Scope of government definition
Two federal appeals courts recently published significant opinions that redefine the scope of government access to phone records, setting the stage for a complex debate in Congress over the future of bulk data collection under the Patriot Act. The pair of decisions, along with the outcome of a legislative debate that has roiled Congress this month, will define the permissible boundaries for government surveillance and contribute to the ongoing debate over government access to digital information in all forms. We summarize both decisions as well as the congressional debate below.
11th Circuit Upholds Warrantless Collection of Cell Phone Location Data
On May 5, the 11th U.S. Circuit Court of Appeals held that law enforcement agencies may obtain historical cell phone location records from wireless carriers without obtaining a warrant. The ruling is the latest of several to interpret the scope of the Fourth Amendment protection against unreasonable searches and seizures in the digital age. In June 2014, the U.S. Supreme Court held that police must almost always obtain a warrant before searching the digital contents of a cell phone seized from suspects upon arrest. With last week’s ruling, the 11th Circuit interpreted location data to fall outside the scope of the Supreme Court’s refined warrant requirement, possibly setting the stage for further review by the court.
In the 9-2 ruling, the en banc panel rested on two rationales to reach its result. First, the court held that cell phone location data were business records owned by the service provider, MetroPCS. Although the records contained information about both the location of the cell towers used to make calls and the quadrant from which a call was placed, the records themselves were “created by MetroPCS, stored on its own premises, and subject to its control.” Because these records do not belong to individual cell phone users, they are not the individual’s to withhold.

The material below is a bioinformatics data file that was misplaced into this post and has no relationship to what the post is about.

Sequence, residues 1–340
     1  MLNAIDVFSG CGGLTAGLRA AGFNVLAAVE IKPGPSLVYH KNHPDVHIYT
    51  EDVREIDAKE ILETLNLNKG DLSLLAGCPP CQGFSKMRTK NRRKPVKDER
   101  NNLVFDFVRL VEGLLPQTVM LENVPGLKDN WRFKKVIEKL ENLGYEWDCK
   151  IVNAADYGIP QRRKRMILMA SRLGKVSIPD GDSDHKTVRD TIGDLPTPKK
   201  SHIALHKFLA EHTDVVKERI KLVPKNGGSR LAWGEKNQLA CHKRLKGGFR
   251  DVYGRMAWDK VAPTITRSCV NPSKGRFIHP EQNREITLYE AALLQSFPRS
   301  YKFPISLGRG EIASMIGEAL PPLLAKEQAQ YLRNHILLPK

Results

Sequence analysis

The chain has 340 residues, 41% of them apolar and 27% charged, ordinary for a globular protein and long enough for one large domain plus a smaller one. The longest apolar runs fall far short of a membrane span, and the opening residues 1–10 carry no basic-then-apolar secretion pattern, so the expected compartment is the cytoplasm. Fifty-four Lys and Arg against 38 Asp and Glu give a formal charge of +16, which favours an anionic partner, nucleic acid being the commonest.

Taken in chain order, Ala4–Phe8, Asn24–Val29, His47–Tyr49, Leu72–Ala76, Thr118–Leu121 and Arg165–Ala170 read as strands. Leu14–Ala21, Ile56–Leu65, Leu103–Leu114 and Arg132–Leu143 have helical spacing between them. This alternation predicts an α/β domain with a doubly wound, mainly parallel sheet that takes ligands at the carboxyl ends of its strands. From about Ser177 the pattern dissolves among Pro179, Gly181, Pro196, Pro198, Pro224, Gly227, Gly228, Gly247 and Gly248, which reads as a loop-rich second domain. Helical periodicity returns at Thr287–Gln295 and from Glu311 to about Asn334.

Second, the court held that individual cell phone users do not have a reasonable expectation of privacy with regard to historical cell phone location records. When placing a call, a cell user is aware that he or she transmits location information to the towers, and in doing so voluntarily shares that information. Absent a reasonable expectation of privacy, police may obtain these records directly from providers with a court order authorized by the Stored Communications Act.
The implications of this ruling are uncertain but potentially wide-ranging. Privacy advocates argue that the same interpretation could be applied to allow the government to access other types of sensitive data held by third parties, such as email and data stored by cloud service providers. Meanwhile, the ruling appears to push against trends in several states, including Montana, Maine, and Minnesota, which have all recently passed laws requiring police to obtain warrants before searching cell phone location data.